Questions: Roger Summons on finding organic matter on Mars

  • Questions: Roger Summons on finding organic matter on Mars

Questions: Roger Summons on finding organic matter on Mars

Researchers can not yet say whether their discovery stems from life or a more mundane geological process.

Looking forward, NASA is getting ready to send its Mars 2020 rover to the red planet, and the ESA-Roscosmos ExoMars 2020 rover will also head there at the same time.

A NASA robot has found more building blocks for life on Mars, the most complex organic matter yet from 3.5 billion-year-old rocks on the surface of the red planet, the U.S. space agency said on Thursday.

Now, scientists have found signs of complex, macromolecular organic matter in samples of the crater's 3-billion-year-old mudstones - layers of mud and clay that are typically deposited on the floors of ancient lakes.

Thanks to the extended time period that Curiosity has spent on Mars it has actually been able to detect seasonal variations in how the methane is produced, and where it settles throughout the year. Researchers said they can't rule out a biological source.

To identify organic material in the Mars' soil, the Curiosity rover drilled into sedimentary rocks, known as mudstone, from four areas in Gale Crater.

That may be because numerous compounds, such as thiophene, methanethiol and dimethyl sulfide, had sulfur atoms in their molecular structure - which would strengthen the relatively fragile organic molecules, allowing them to survive the radiation bombarding the planet's surface for so long. By exploring Gale Crater it has shown clear evidence that Mars once had liquid water on its surface, and views of the red planet from orbiting spacecraft have charted a desert landscape that appears to have been swept and hewn into shape by powerful flows of water.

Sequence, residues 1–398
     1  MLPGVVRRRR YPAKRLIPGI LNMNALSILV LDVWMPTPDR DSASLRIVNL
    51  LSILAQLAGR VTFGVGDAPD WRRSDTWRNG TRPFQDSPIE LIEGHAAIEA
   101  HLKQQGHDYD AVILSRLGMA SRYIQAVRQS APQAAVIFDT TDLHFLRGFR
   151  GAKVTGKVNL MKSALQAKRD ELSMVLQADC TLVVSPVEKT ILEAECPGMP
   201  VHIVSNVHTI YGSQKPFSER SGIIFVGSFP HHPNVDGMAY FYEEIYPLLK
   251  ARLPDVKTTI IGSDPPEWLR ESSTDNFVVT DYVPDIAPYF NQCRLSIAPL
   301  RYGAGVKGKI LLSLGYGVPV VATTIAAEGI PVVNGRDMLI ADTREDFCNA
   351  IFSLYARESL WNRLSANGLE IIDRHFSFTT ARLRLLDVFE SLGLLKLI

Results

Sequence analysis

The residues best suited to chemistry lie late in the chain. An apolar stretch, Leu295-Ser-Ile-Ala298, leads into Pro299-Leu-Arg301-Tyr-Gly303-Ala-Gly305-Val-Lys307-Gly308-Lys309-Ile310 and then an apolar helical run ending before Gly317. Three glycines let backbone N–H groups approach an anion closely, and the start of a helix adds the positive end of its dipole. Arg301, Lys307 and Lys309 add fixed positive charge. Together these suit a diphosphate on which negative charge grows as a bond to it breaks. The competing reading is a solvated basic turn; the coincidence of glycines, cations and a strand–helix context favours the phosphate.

The US space agency presented evidence of ancient organic material and atmospheric methane - two major clues in the search for extraterrestrial life.

The compounds might have come from a meteorite, or from geological formations akin to coal and black shale on Earth, or some form of life, Eigenbrode said.

"Today, we're announcing the discovery of a repeatable, identifiable, seasonal pattern in the methane measurements", said Chris Webster, a senior research fellow at the Jet Propulsion Laboratory in Pasadena, Calif.

Taken together, the discoveries suggest Mars once hosted ancient life. The rover mission has achieved that goal, showing that its landing site, the floor of a huge crater called Gale, harbored a potentially habitable lake-and-stream system long ago.

NASA's Curiosity Mars rover, pictured on Mars' Vera Rubin Ridge in a self-portrait obtained on February 4, 2018, landed on the planet in 2012. The discovery positions scientists to begin searching for direct evidence of past life on Mars and bolsters the case for returning rock samples from the planet, an effort that begins with the Mars 2020 rover. Now with these new results, what does this all say about the possibility that there is, or was life on Mars?

For the previous mud stone samples that had produced the chlorinated molecules, scientists had heated the powdered rock to 200 degrees Celsius.

There is a seasonal variation to the methane that repeats, which means the methane is being released from the Martian surface or from reservoirs beneath the surface.

Inorganic carbon is carbon that is found in compounds that are completely unlike biological molecules. The mission's Trace Gas Orbiter arrived at Mars in late 2016, and it's now collecting data that will let scientists map Mars's methane-and maybe even pinpoint its sources. "The first one would be life, which we don't know about".

Thomas Zurbuchen, associate administrator for the Science Mission Directorate at NASA Headquarters, praised the findings and said he is positive NASA's search for alien life is headed in the right direction.